Feasibility of initial treatment in elderly patients with ovarian cancer in Japan: a retrospective study

  • Seiko Bun
  • Mayu YunokawaEmail author
  • Takahiro Ebata
  • Mayumi Kobayashi Kato
  • Tatsunori Shimoi
  • Tomoyasu Kato
  • Kenji Tamura
Original Article



The purpose of this study was to evaluate the real world situation and clarify the problem in initial treatment for elderly patients with ovarian cancer in Japan.


We used the ovarian cancer database, containing all patients diagnosed and treated with International Federation of Gynecology and Obstetrics Stage I–IV ovarian cancer at the National Cancer Center Hospital in Japan from June 2008 to April 2013. Patients were stratified into two groups based on age: an elderly group, aged 70 years or older, and a younger group, aged below 70 years. We retrospectively assessed the rate of receiving standard therapy, and the feasibility and safety of chemotherapy compared with younger patients.


In total, 244 patients (elderly group, 36 patients; younger group, 208 patients) were analyzed. A significantly lower proportion of elderly patients than younger patients received standard therapy (15.7% vs. 32.5%, p = 0.026). Even for the elderly group, 95% patients underwent surgery in our institution. Conversely the rate of patients receiving nonstandard chemotherapy in the elderly group was significantly higher than in the younger group (30.5% vs. 9.6%, p = 0.01).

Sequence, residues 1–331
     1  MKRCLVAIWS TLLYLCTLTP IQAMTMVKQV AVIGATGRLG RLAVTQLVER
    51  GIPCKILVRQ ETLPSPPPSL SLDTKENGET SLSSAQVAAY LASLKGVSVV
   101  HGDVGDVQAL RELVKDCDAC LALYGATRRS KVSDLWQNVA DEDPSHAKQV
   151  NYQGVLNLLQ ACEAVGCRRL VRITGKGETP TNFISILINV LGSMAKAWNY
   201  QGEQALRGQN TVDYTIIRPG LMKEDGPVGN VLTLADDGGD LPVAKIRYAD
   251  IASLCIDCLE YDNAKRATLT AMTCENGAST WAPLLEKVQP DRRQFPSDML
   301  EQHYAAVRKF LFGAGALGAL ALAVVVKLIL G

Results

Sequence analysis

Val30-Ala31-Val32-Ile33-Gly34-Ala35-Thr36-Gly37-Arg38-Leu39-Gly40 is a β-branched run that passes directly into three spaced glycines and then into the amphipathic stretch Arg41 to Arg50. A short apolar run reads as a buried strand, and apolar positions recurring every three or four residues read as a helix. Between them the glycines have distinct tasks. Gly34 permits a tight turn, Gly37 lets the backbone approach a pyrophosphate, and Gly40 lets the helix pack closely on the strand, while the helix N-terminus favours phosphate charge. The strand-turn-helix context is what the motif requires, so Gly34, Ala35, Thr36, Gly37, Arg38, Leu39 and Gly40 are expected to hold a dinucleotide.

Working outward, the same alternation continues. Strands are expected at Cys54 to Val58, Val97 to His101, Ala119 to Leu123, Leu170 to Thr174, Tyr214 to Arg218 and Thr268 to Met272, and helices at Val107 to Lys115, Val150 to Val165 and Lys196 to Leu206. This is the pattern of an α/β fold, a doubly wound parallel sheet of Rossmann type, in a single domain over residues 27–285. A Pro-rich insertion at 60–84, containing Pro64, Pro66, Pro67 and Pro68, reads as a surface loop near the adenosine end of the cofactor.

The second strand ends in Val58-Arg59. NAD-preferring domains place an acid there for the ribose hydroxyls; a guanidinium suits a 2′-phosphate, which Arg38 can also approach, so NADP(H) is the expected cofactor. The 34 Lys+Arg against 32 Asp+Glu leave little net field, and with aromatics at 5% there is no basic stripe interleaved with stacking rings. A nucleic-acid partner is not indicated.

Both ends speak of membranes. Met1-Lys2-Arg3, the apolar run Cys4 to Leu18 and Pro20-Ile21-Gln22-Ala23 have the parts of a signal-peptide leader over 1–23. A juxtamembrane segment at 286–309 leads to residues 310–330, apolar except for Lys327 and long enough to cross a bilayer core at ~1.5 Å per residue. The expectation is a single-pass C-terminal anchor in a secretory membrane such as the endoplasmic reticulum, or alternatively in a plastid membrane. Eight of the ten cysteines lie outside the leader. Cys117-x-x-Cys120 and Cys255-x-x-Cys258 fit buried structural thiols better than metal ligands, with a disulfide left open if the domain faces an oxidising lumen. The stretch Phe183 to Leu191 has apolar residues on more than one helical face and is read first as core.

This study clarified the type of treatment being performed in the field, and the proportion of elderly ovarian cancer patients receiving standard therapy compared with younger patients in Japan. In addition, the actual situation of elderly patients in Japan might be different from that in Western countries. We need to evaluate the appropriate treatment for elderly patients in Japan.


Elderly patients Ovarian cancer Standard therapy Relative dose intensity Feasibility 



We thank Colleen Elso, PhD, from Edanz Group ( for editing a draft of this manuscript. We would like to express our sincere thanks to all patients and investigators. The authors would like to thank Dr. Kan Yonemori, and Mr. Hiroyuki Terakado for supporting to make manuscript.



Compliance with ethical standards

Conflict of interest

The authors declare that they have no competing interests.


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Copyright information

© Japan Society of Clinical Oncology 2019

Authors and Affiliations

  1. 1.Department of PharmacyNational Cancer Center HospitalTokyoJapan
  2. 2.Breast and Medical OncologyNational Cancer Center HospitalTokyoJapan
  3. 3.Department of Medical Oncology/Gynecologic OncologyCancer Institute Hospital of Japanese Foundation for Cancer ResearchTokyoJapan
  4. 4.Department of GynecologyNational Cancer Center HospitalTokyoJapan
  5. 5.Department of Experimental TherapeuticsNational Cancer Center HospitalTokyoJapan

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